On my thirteenth birthday, I received a colorful and fun gift. The toy was a plastic bubble filled with gumballs. Levered arms controlled by buttons on the outside allowed the user to capture the gumballs like an arcade claw machine. I was thrilled. I took it to my room, retrieved my first few gumballs, stuffed my mouth with gum, and then. . . . I heard a catastrophic "snap!" A crucial part had broken. Being cheap plastic it could not be repaired.

I can't fix that.

My father had major life-saving surgery in 1963. They replaced his aorta from his heart down into the groin with some type of dacron material. Over the next twelve years, he'd have several more surgeries to repair the repair, including the eventual loss of a leg. Finally, they told my mother they couldn't fix it any more. My father passed away in 1975. I was fifteen.

I can't fix that.

Around that same time, I tried out for high school majorettes. I didn't get picked even though I had been twirling baton for five or six years and won many trophies. It could have been politics. It could have been "not meant to be." It could have been because they didn't want to team up with a girl whose father had just died. Whatever the reason, I didn't get in. I had aimed for that goal since I began twirling, but it never materialized.

I can't fix that.

Winter Queen DP 331470778 XL

My cousin, Tommy and I were very close near the end of his life. We had shared some fun adventures together including him teaching me to drive stick in his Corvette. In 1981 while letting another friend drive his car, they went off an embankment, rolled the car, and Tommy died at the scene. Most of the car's remains were picked up and chucked into several garbage cans.

I can't fix that.

Whether trivial, tragic, catastrophic, or death, we face many things in our lives we can't fix. We can't reverse the past. We can't make what happened unhappen. It's out of our hands, and in some respects, out of God's too. No amount of prayer is going to reverse it. No matter how much we cry, stomp our feet, yell, scream, protest, or sue. It doesn't matter if what happened was right or wrong. It doesn't matter if it was enacted by man or by an act of God.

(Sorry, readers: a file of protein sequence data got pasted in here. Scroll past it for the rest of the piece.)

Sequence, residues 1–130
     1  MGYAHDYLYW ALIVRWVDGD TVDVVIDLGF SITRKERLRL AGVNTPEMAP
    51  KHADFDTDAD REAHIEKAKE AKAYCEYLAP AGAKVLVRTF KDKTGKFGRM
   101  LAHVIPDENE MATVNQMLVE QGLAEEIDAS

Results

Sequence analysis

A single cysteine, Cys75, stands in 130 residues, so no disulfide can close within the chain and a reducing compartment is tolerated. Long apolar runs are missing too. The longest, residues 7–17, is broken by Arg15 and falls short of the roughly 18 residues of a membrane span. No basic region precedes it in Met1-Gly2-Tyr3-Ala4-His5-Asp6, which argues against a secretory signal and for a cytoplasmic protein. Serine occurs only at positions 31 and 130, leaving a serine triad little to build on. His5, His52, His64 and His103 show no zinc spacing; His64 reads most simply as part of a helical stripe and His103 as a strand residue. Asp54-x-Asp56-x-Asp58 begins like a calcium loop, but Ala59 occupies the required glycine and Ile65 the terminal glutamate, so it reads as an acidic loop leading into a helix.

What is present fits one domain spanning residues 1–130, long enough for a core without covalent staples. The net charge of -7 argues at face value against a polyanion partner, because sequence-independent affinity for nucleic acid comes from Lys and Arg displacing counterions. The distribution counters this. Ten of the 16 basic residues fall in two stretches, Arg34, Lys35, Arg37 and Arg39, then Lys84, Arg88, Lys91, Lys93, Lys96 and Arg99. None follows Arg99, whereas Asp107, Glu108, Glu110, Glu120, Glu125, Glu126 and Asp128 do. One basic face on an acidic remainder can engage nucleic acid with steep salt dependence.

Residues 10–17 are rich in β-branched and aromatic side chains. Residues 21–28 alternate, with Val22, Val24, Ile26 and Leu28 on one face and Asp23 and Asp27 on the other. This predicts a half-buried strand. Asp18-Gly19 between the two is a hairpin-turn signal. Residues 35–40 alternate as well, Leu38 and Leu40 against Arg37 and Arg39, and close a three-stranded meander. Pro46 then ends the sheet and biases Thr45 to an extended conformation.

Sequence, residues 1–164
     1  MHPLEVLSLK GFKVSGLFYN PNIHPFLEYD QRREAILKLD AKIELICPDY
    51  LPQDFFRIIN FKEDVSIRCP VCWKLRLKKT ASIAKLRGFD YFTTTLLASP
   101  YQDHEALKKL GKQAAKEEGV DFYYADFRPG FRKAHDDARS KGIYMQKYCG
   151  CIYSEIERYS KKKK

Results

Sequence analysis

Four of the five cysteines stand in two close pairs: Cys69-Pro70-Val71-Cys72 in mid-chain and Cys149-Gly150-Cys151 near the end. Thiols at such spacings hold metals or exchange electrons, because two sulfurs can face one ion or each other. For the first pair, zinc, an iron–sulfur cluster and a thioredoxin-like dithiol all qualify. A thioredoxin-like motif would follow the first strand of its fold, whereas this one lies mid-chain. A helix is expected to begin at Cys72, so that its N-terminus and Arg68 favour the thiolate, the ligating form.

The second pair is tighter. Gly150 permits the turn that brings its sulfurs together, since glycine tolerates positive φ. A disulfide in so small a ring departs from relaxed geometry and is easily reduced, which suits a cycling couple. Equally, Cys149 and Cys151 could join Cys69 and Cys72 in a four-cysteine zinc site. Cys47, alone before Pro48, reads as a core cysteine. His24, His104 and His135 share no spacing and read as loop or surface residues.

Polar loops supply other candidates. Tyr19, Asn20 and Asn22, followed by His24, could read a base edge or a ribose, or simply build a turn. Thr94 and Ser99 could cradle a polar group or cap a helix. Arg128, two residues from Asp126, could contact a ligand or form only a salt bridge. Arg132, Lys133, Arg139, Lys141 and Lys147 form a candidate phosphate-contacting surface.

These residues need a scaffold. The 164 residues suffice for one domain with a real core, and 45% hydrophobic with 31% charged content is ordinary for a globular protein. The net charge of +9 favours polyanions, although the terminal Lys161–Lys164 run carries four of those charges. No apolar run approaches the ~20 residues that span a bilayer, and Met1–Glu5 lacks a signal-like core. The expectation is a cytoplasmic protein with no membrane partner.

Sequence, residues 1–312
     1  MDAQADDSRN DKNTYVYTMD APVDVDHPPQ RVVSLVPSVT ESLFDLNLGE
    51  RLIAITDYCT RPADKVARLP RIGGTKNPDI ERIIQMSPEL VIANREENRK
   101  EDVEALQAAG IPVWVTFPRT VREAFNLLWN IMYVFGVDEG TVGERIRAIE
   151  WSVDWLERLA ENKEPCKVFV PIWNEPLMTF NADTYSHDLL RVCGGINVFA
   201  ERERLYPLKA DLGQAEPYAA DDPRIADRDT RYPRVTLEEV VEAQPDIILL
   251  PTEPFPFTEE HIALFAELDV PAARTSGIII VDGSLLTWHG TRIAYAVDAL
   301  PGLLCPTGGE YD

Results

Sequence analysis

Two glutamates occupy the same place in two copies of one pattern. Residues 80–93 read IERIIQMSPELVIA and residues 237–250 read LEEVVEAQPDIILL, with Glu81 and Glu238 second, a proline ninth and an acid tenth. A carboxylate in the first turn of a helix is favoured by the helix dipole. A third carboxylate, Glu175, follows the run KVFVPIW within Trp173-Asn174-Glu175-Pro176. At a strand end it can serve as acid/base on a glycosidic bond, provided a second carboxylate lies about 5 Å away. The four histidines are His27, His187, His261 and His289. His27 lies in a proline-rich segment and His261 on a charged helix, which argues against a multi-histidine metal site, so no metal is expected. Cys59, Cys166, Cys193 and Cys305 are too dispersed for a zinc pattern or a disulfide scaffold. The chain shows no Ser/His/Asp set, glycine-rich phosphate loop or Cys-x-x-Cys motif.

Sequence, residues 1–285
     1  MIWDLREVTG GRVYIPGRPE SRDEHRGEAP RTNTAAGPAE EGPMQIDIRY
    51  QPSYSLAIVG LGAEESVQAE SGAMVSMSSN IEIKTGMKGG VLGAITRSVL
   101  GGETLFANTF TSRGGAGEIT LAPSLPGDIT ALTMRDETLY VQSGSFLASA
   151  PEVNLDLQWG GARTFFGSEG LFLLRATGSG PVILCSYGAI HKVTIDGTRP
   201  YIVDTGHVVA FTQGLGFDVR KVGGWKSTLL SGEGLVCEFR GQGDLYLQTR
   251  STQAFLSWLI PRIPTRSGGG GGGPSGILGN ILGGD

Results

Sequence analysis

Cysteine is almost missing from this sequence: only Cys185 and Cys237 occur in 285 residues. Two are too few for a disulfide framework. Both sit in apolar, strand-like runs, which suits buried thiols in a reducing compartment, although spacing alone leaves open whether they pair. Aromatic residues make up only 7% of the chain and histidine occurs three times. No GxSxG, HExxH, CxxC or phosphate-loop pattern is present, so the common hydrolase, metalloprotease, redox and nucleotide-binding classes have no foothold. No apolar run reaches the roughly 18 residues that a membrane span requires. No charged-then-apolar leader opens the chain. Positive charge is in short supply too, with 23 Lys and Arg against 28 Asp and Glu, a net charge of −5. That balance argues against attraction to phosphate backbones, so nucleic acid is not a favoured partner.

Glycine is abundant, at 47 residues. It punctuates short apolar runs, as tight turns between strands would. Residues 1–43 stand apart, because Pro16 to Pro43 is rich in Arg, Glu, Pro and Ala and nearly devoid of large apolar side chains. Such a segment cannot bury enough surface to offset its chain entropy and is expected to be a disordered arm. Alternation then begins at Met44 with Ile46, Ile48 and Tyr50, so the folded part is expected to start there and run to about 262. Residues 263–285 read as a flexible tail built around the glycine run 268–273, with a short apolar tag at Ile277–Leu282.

We can't fix that.

What we can do is move forward. When the sun rises the next day, it's our chance to decide what to do next. Heart 1 DP 362239696 XL

Illness and death have hit our family many times. Our MO has been to pull up our boots, pick up the broken pieces, and life goes on. For some of you, your MO may be to allow yourself time to grieve. You may turn a blind eye and pretend it didn't happen. You may become an advocate for change. You may be on the front lines of helping others who face a similar situation.

I've always been a "fixer." I want to help people. I want to change what's broken. But there are many things I can't fix. There are many things I shouldn't fix—even if I could—because, unlike God, I can't see the whole picture. I can't see how a particular situation will mold lives. 

I think the important thing is to keep moving forward; see where this road takes you. I lost my father, but later met my stepfather from whom I learned a few things. I didn't make high school majorettes, but I kept twirling and traveled all around the country and Europe doing so. My cousin died, but my first son carries his name in remembrance. (I don't know what happened to the gumball machine. Maybe it's purpose was to remind me. . . ) I can't fix everything.

Let go of what you can't fix. Work on what you can. Strive to make your life the best it can be.